I know I've already talked about what to give people (or not give them) if you're a crafter. There are few things better than making something with your hands to let someone know that you want them to have something special.
But there are a few things better than that, and I have to say that being on the receiving end of that love and talent is one of those great things. So today, we're going to talk about what to give yarncrafters! And when I say "yarncrafters" or "crafters," I really mean any person who does anything with yarn--weaving, crocheting, Knooking, loom knitting, maybe even needle point. I just don't have the time or space to write that out every time, so we're going to say "crafters" and every time you see that word you can just replace it with "Amy," who is your weaving friend who should get a really amazing present this season.
So here's my list of suggested gifts for yarncrafters.
Yarn. This one can be a bit tricky. You want to make sure that you get the right yarn--right fiber, right brand, right colors, etc. This seems like a no-brainer gift, but you actually need to be pretty careful. If you only see your aunt crocheting with blue acrylic blends, would a couple of skeins of brown alpaca annoy her--or blow her mind with how great and unexpected it is? It depends on your aunt. Know your crafter. Think about his or her preferences, and make note of phrases like "I hate working with cotton yarn!/I love Vanna's Choice!/Did you know they can make yarn from cat hair?" Take a surreptitious cell phone picture of a yarn label if need be. Proceed from there, and proceed with caution. If you're concerned about how much yarn to buy a person, get more. (And go ahead and keep the receipt with the gift, just in case.)
Gift certificate. If the yarn-buying process seems a bit intimidating, go with a gift certificate to a local yarn store or a gift card to a big box craft store. Part of me wants to encourage everyone in the world to hit up their local yarn store (LYS) and support local businesses and buy beautiful things. But another part of me understands that sometimes yarn stores aren't close, and sometimes those great big stores have just what you need. Either way, fund your yarncrafter's yarn-loving endeavors. Whenever I hear people talk about their purchases, it doesn't seem to matter if they've spent $10 or $100--either way, they'll feel a little sheepish (no pun intended) about spending money on it. So make some folks happy and give the money to spend on themselves. There could be a gift in it for you later in the year.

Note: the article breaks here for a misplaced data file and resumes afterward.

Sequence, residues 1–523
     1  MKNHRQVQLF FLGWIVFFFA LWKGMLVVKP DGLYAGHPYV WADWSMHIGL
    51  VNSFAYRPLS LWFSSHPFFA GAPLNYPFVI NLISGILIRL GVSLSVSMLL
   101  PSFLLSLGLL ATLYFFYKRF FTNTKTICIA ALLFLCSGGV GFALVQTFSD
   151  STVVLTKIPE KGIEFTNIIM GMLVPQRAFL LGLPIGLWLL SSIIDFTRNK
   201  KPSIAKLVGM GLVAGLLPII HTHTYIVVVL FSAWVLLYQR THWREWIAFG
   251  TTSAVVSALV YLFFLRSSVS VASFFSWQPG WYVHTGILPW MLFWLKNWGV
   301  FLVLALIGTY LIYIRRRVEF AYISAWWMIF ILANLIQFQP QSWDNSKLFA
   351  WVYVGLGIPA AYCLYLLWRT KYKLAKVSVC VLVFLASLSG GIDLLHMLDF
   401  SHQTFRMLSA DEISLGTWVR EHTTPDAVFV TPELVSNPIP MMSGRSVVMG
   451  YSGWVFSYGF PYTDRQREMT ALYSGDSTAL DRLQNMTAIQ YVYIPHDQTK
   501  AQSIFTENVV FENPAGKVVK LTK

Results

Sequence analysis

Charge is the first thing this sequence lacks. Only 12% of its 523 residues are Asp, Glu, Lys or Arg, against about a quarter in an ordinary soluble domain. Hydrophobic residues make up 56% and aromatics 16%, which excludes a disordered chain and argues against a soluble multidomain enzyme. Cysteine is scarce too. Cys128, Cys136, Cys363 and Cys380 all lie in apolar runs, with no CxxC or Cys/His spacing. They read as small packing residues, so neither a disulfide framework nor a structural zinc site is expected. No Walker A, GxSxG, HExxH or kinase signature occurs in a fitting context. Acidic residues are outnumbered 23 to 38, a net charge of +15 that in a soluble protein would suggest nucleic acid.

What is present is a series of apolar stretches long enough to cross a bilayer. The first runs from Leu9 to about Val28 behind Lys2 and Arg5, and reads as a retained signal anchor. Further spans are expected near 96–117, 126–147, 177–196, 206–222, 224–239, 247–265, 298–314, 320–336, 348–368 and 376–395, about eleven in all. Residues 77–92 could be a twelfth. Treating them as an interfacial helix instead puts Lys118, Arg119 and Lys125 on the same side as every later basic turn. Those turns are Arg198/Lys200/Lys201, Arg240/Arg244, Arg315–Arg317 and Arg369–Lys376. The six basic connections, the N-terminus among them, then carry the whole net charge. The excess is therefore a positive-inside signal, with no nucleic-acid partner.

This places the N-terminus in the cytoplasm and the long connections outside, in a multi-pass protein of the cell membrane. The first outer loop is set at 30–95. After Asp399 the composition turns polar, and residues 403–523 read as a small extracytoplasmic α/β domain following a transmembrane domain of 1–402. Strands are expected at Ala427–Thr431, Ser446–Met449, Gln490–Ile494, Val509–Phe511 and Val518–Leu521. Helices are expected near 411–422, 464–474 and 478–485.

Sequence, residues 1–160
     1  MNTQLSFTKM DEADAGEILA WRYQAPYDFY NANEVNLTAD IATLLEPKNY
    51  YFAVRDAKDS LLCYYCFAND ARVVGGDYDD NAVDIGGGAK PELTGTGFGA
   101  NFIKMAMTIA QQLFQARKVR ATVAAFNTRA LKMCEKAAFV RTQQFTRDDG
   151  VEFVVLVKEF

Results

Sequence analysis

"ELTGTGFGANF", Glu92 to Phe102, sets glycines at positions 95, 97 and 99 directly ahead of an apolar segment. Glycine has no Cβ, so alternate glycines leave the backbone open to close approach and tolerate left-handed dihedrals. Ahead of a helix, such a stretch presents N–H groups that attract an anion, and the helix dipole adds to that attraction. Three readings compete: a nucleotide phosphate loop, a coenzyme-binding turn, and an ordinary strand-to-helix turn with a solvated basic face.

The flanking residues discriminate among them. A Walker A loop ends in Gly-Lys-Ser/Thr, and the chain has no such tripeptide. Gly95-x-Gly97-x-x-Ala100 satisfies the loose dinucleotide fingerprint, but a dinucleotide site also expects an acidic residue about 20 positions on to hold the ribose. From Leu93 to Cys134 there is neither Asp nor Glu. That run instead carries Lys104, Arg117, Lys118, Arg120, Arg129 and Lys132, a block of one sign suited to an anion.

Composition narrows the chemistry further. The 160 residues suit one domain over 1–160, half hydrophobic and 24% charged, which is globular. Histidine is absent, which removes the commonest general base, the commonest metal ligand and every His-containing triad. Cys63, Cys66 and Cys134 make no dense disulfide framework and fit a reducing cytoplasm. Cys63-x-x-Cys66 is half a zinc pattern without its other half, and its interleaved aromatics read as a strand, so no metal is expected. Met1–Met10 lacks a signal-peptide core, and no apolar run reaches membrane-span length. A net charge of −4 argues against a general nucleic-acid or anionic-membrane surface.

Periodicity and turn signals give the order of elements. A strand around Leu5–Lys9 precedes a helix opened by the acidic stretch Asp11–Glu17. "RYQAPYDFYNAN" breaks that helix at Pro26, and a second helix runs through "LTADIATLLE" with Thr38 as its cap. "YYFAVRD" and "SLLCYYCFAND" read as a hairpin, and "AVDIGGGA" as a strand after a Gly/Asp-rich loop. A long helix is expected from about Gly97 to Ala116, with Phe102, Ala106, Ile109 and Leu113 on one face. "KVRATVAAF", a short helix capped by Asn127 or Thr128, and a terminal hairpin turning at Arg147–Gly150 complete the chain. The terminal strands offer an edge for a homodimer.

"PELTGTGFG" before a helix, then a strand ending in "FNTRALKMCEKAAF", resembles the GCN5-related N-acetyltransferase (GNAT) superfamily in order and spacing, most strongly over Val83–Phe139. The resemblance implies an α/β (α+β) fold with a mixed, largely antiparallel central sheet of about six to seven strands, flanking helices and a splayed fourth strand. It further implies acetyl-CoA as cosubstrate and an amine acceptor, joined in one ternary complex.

Yarn crafting tools. I'll be honest, this is tricky. I thought about writing "needles," but don't do that. Just don't. Needle preferences are so personal! You've got metal, aluminum, wood, straight, circular, tiny, long, multi-colored, plastic, interchangeable, double pointed and on and on and on! This is why I said "gift certificate." I feel stressed trying to pick out needles--even when I know what I need! You couldn't pay me to buy some for a crafter with pre-existing preferences. But tools in general? Awesome. Tape measures can be cute now! I'm sure you've noticed that I haven't used any links so far. I probably won't link to many businesses. I feel like the list is more effective this way, and I don't want to write a list that doesn't apply to your crafter. I could do a whole post on adorable sheep tape measures, but if your crafter thinks those are dumb (gasp!) then I didn't help. Just use Google or etsy to help you and start searching for some kind of amazing things. Or check out a craft store and beg for help from some kindly, knowledgeable soul. Yarn crafting tools include: